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Indexed/Abstracted in: CINAHL, Current Contents/Clinical Medicine, EMBASE, PubMed/MEDLINE, Science Citation Index Expanded (SciSearch), Scopus
Impact Factor 2,063
Online ISSN 1973-9095
Morone G. 1, Paolucci T. 2, Alcuri M. R. 2, Vulpiani M. C. 3, Matano A. 4, Bureca I. 4, Paolucci S. 1, 5, Saraceni V. M. 2
1 Movement and Brain Laboratory, IRCCS Santa Lucia, Rome, Italy;
2 Department of Physical Medicine and Rehabiltation, Policlinico Umberto I, La Sapıenza University, Rome, Italy;
3 Orthopedic Unit, “La Sapienza” University, School of Medicine, Sant’Andrea Hospital, Rome, Italy;
4 Department of Neuropsychology - IRCCS Santa Lucia, Rome, Italy;
5 U.O.F, IRCCS Santa Lucia, Rome, Italy
STUDY DESIGN: A three and six months follow-up in a randomized controlled trial.
BACKGROUND: Back School has become a widespread exercise program for low back pain (LBP), since its introduction in 1969. Back School could improve quality of life (QoL), but there are controversial data regarding its effectiveness.
AIM: To evaluate the effects of the Back School program on quality of life (primary outcome), disability and pain perceptions (secondary outcomes) in patients with chronic and non-specific low back pain.
SETTING: Rehabilitative specialized centre.
POPULATION: Seventy four patients with chronic non-specific LBP.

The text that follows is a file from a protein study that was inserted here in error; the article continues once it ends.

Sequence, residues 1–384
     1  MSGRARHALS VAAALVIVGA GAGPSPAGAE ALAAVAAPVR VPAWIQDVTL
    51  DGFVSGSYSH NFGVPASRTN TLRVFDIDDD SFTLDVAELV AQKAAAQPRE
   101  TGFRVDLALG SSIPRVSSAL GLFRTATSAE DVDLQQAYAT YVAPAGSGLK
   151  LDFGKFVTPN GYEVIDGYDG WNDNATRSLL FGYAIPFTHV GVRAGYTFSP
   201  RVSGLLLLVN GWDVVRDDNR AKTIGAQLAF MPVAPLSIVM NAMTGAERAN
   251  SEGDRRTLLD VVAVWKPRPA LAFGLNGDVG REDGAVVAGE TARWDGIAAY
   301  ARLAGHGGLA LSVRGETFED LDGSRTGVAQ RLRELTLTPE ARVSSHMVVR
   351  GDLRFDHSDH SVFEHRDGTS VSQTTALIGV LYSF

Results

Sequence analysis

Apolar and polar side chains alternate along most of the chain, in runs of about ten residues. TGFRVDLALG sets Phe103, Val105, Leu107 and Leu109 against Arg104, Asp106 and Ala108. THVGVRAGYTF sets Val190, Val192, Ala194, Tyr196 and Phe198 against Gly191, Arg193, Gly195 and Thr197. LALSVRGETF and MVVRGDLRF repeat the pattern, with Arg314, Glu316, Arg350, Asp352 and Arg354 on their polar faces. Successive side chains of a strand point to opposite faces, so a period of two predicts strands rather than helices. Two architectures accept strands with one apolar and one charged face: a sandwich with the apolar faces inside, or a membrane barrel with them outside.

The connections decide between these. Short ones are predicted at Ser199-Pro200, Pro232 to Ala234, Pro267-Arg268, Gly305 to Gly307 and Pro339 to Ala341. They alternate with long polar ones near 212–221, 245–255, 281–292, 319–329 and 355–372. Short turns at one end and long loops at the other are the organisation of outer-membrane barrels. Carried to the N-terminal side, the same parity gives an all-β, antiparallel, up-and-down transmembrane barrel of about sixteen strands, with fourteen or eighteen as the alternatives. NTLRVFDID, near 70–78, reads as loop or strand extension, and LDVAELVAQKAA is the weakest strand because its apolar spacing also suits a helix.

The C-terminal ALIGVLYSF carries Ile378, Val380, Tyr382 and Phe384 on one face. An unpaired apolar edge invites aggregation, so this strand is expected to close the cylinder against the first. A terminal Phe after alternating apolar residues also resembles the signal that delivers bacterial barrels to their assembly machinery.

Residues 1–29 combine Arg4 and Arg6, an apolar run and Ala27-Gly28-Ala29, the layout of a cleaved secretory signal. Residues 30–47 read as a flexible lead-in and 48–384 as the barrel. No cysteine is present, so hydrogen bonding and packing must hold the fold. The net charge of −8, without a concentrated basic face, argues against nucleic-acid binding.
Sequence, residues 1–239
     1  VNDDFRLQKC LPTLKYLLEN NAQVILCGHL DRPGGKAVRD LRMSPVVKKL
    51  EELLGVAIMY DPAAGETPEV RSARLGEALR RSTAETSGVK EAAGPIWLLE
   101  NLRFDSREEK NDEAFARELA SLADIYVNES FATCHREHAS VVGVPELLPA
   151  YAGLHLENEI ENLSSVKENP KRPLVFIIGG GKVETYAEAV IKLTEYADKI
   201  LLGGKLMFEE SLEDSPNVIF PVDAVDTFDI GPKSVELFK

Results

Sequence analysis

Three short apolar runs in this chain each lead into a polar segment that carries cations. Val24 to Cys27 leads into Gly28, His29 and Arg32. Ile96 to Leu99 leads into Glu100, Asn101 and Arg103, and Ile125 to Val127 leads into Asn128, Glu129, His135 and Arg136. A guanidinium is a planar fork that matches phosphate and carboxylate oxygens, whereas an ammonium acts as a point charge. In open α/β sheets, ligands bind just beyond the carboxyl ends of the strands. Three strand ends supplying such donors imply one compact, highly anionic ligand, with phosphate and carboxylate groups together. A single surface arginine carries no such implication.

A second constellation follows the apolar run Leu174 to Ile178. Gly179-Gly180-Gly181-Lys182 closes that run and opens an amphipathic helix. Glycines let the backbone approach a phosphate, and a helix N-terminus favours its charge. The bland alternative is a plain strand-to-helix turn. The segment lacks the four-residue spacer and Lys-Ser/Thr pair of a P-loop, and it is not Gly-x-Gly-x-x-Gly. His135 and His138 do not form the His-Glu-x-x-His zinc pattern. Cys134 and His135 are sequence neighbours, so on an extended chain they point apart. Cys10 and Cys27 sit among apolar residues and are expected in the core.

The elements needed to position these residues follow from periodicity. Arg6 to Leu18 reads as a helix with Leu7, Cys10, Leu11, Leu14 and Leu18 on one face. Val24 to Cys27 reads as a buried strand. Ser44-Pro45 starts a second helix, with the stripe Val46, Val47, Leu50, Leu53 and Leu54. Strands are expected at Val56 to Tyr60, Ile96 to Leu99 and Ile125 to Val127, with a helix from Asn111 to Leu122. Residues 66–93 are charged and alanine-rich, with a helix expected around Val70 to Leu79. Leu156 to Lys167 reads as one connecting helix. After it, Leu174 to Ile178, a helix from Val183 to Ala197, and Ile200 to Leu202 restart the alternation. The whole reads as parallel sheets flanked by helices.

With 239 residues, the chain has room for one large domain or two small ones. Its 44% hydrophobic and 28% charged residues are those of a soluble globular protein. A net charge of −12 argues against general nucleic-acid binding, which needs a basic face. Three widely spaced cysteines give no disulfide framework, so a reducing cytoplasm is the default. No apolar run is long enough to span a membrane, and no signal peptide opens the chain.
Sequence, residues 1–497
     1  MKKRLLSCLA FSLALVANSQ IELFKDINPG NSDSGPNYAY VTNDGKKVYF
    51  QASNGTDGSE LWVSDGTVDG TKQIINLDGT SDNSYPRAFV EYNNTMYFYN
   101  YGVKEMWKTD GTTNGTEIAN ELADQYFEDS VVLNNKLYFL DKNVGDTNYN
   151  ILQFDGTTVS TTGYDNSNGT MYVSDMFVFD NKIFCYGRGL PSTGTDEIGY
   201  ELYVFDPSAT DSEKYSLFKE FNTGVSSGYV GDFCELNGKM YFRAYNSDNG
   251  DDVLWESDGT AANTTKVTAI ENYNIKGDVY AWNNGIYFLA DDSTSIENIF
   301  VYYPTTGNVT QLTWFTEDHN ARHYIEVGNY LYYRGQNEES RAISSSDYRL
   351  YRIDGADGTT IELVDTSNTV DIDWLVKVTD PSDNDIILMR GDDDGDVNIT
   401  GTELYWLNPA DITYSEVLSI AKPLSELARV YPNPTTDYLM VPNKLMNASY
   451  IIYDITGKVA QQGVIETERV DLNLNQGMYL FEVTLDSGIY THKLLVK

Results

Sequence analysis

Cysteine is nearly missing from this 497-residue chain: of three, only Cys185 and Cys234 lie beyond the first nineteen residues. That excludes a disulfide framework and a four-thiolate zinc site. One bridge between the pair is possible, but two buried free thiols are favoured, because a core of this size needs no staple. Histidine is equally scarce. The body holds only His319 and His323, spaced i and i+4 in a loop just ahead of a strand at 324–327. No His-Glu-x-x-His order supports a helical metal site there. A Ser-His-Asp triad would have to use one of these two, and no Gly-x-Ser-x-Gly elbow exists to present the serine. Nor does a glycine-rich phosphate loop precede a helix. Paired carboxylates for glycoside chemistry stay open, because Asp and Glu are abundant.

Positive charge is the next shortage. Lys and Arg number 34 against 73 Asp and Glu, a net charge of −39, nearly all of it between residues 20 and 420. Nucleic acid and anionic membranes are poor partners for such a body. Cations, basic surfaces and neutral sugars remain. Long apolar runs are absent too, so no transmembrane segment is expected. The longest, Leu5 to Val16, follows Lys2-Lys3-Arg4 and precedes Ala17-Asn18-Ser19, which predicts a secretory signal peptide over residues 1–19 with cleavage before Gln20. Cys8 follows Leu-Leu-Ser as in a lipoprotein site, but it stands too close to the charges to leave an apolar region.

METHODS: Patients were randomly placed in a 3:2 form and were allocated into 2 groups (treated-control). Treatment group participated in a intensive multidisciplinary Back School program including brief education and active back exercises (BSG, N.=41), while the control group received medical assistance (CG, N.=29). Medication was the same in both groups. The Short Form 36 Health Status Survey, Waddel Index, Oswestry Disability Index and Visual Analogue Scale were collected at baseline, at the end of treatment, and at the three and six month follow-up.
RESULTS:Quality of life significantly improved along time more in BSG, both in Physical and Mental Composite Score (repeated measure Anova: interaction time per group: P<0.001 and P=0.002, respectively). We also observed a significant improvement in disability scores along time (P<0.001) in BSG with significant differences between groups at three and at six months for Waddell Index (P=0.006 and P=0.009 respectively) and for Oswestry Disability Index (P=0.018 and 0.011 respectively). Moreover, pain perception score VAS showed a reduction in both groups, but it was significantly lower in BSG at end of treatment and both follow-ups (P<0.001).
CONCLUSION: Our Back School program can be considered an effective treatment in people with chronıc non-specıfıc LBP.